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Obstet Gynecol Sci > Volume 64(6); 2021 > Article
Baradwan, Abdulghani, Abuzaid, Khadawardi, Alshahrani, Al-Matary, AlRasheed, Miski, Abdulhalim, Alturki, and Abu-Zaid: 17-alpha hydroxyprogesterone caproate for the prevention of recurrent preterm birth among singleton pregnant women with a prior history of preterm birth: a systematic review and meta-analysis of six randomized controlled trials

Abstract

To perform a systematic review and meta-analysis of all randomized controlled trials (RCTs) that investigated the clinical benefits of 17-alpha hydroxyprogesterone caproate (17OHPC) in the prevention of recurrent preterm birth (PTB) among singleton pregnant women with a previous history of PTB. We searched four major databases up till April 2021 and assessed the risk of bias in the included studies. We meta-analyzed various maternal-neonatal endpoints (n=18) and pooled them as mean difference or risk ratio (RR) with 95% confidence interval (CI) using the random-effects model. Six RCTs met the inclusion criteria, comprising 2,573 patients (17OHPC=1,617, control=956). RCTs revealed an overall low risk of bias. The rates of PTB <35 weeks (n=5 RCTs; RR, 0.77; 95% CI, 0.63-0.93; P=0.008), PTB <32 weeks (n=3 RCTs; RR, 0.68; 95% CI, 0.51-0.91; P=0.009), neonates with low birth weight (<2.5 kg) at delivery (n=3 RCTs; RR, 0.63; 95% CI, 0.5-0.79; P<0.001), and neonatal death (n=4 RCTs; RR, 0.41; 95% CI, 0.20-0.84; P=0.02) were significantly reduced in the 17OHPC group compared with the control group. Moreover, 17OHPC treatment correlated with a significantly decreased rate of retinopathy (n=2 RCTs; RR, 0.42; 95% CI, 0.18-0.97; P=0.004). However, there were no significant differences in the rates of neonatal intensive care unit admission, cesarean delivery, and other preterm-related complications between both the groups. Among singleton pregnant women with a prior history of PTB, 17OHPC may favorably decrease the risks of recurrent PTB and reduce the rate of neonatal death.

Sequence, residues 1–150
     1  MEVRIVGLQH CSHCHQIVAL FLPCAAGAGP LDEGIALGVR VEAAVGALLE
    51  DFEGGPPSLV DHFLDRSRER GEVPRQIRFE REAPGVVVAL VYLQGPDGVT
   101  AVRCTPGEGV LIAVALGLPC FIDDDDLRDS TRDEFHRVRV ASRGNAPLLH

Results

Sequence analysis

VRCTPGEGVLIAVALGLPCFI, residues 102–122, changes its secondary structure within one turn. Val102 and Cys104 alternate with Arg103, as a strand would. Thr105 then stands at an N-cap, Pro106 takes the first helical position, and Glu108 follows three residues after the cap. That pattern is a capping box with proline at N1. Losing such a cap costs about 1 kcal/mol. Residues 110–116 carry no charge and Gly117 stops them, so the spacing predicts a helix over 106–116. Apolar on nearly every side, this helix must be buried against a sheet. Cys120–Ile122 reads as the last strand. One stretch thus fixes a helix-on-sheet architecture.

Introduction

Preterm birth (PTB) is defined as labor starting before 37 completed weeks of gestation since the last menstrual period [1]. It accounts for nearly 11% of live births worldwide [2]. Additionally, it leads to serious fetal mortality and morbidity, accounting for approximately 35% of all neonatal deaths [3].
The exact cause of preterm labor remains undetermined. However, some predisposing factors may lead to it. Examples of some maternal factors include congenital anomalies in the genital system, hormonal imbalances, and chronic medical conditions [4,5].
In women with a prior history of spontaneous PTB, all efforts are directed toward preventing the occurrence of recurrent PTB. Unfortunately, this risk seems to be unavoidable. Moreover, the available medical options have their own side effects, in addition to their doubtful efficacy [6-8]. For example, progesterone medications (either natural or synthetic) have been used to prevent the risk of PTB. However, to the best of our knowledge, there is no conclusive evidence to support their regular administration [7,9]. Recently, progesterone administration has been shown to decrease the incidence of PTBs in high-risk women [9]. As evidenced by a recent meta-analysis [9], the pooled data suggested the prophylactic use of progesterone administration to be effective in the prevention of PTB. However, these benefits may vary among women at risk, according to the underlying risk factors. Moreover, its efficacy depends on the route of administration and the dose of medication used. Nonetheless, the data were less conclusive regarding the reduction in neonatal complications [9].
Besides, the synthetic progesterone 17-alpha hydroxyprogesterone caproate (17OHPC) has been used for circumventing the recurrence of PTB in high-risk groups. Some studies have shown that 17OHPC is beneficial for decreasing the incidence of PTB [10-14]. In addition, the American College of Obstetricians and Gynecologists (ACOG) supports the use of 17OHPC for women at a risk of PTB [15]. However, recent trials have revealed that 17OHPC is not superior to placebo or no treatment in terms of the risk of PTB before 35 or 37 weeks [16,17].